DISCOVER YOUR UNCONSCIOUS MONEY BELIEFS AND HOW THEY IMPACT YOUR NET WORTH
At OCCAM, we’re interested in helping you identify and understand your money scripts. Money scripts are the unconscious beliefs about money that are rooted in our childhood and ultimately shape our financial health. We ask our clients and prospective clients to complete the Your Mental Wealth® Money Script assessment, which is a short assessment designed to help you gain insight into your own money belief system. Knowing yourself better is the best starting point for making changes and improving your overall financial health.
Money Scripts have been found to be associated with financial outcomes, financial behaviors, and other aspects of financial health.
Money scripts are:
- Learned in childhood
- Often just partial truths
- Passed down from generation to generation
- Responsible for our financial outcomes
- Typically unconscious
The importance of money beliefs cannot be overstated. Money Scripts have been used in research and have found to be associated with:
- Net worth
- Credit card and other debt
- Financial behavior
- Oher aspects of financial health
The Money Script assessment measures four core money beliefs: Money Avoidance, Money Worship, Money Status, and Money Vigilance. Each person will have a score within each category. Higher scores indicate stronger levels of conviction in the category of money beliefs. It is not uncommon to have money scripts that seem at first glance to contradict each other, such as endorsing the belief that "money corrupts people while also believing that "things would get better if I had more money. The results will help you gain insight into your own money belief system. Knowing yourself better is the best starting point for making changes and improving your overall financial health.We encourage you to learn more about Money Scripts and to find out your own Money Script.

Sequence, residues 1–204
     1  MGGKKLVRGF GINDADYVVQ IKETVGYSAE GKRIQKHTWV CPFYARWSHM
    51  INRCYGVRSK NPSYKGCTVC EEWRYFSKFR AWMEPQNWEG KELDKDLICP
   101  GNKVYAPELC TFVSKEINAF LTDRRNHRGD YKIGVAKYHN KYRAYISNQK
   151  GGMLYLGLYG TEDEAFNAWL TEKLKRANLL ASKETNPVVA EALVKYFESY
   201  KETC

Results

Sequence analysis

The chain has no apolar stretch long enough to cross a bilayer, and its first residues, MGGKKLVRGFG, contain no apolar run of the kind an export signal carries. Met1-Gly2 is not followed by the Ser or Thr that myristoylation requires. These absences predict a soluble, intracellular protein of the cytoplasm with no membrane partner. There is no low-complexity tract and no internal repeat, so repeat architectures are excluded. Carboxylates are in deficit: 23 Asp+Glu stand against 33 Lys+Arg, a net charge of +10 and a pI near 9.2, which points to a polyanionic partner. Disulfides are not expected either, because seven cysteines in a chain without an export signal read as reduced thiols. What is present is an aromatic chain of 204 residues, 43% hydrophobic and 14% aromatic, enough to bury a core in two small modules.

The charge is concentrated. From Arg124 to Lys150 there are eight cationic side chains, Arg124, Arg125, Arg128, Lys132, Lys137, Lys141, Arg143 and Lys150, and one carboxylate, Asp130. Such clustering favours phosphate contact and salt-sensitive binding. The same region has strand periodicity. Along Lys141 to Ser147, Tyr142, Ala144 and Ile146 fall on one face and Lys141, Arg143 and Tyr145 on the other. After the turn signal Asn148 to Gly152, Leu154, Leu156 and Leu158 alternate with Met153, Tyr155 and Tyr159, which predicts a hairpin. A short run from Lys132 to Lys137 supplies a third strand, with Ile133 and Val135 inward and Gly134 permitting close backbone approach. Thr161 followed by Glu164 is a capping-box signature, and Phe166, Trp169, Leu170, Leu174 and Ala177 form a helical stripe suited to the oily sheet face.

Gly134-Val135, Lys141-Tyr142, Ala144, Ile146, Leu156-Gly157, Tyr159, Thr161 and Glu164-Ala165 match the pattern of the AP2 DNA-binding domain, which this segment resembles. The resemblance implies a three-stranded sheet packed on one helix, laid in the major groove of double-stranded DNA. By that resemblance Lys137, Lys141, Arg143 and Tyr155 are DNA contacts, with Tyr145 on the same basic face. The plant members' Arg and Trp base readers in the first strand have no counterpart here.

Money Avoidance is associated with people who are wealthier, wiser, and more highly educated. Higher scores on Money Avoidance suggest a belief that money is bad. Money Avoiders may also believe that they do not deserve money. They may believe that wealthy people are greedy or corrupt, and that there is virtue in living with less money. Because of their negative associations with money and the wealthy, money avoiders may sabotage their financial success and/or give money away in an unconscious effort to have as little as possible. Money avoidance can be associated with trying to not think about money, ignoring financial statements, overspending, enabling others financially, having difficulty managing a budget, and even occupation. For example, individuals in the helping professions, such as psychologists and social workers, have a tendency to score higher in the area of Money Avoidance than those in other professions, such as business or financial advising.
Money Worshipers believe that the key to happiness and the solution to their problems is to have more money. At the same time, they believe that one can never have enough money, and find that the pursuit of money never quite satisfies them. The higher they score on Money Worship are more likely to have a lower net worth and carry credit card debt. Money Worshipers are prone to buying things in an attempt to achieve happiness. They are also more likely to put work ahead of family and give or loan money to others even though they can’t afford to do so.
Money Status seekers tend to link their self-worth with their net worth. They may prioritize outward displays of wealth, and as a result can be at risk of overspending. They may believe that if they live a virtuous life, the universe will take care of their financial needs. They may have grown up in lower socioeconomic environments and/or a household that prioritized the financial aspects of social standing. Those that score higher in the area of Money Status scale more likely to overspend, gambling excessively, financially dependent on others, and hiding expenditures from their spouses.
The Money Vigilant are alert, watchful, and concerned about their financial health. They believe it is important to save and for people to work for their money and not be given financial handouts. Those with higher Money Vigilance scores are positively associated with higher levels of financial health. The Money Vigilant are less likely to buy on credit. They also have a tendency to be somewhat anxious about their financial futures, inspiring them to save. While they have a tendency to be discrete about their financial status with others, they are less likely to keep financial secrets from their partners. While Money Vigilance encourages saving and frugality, it can also lead to excessive wariness or anxiety that can prevent one from enjoying the benefits and sense of security that money can provide.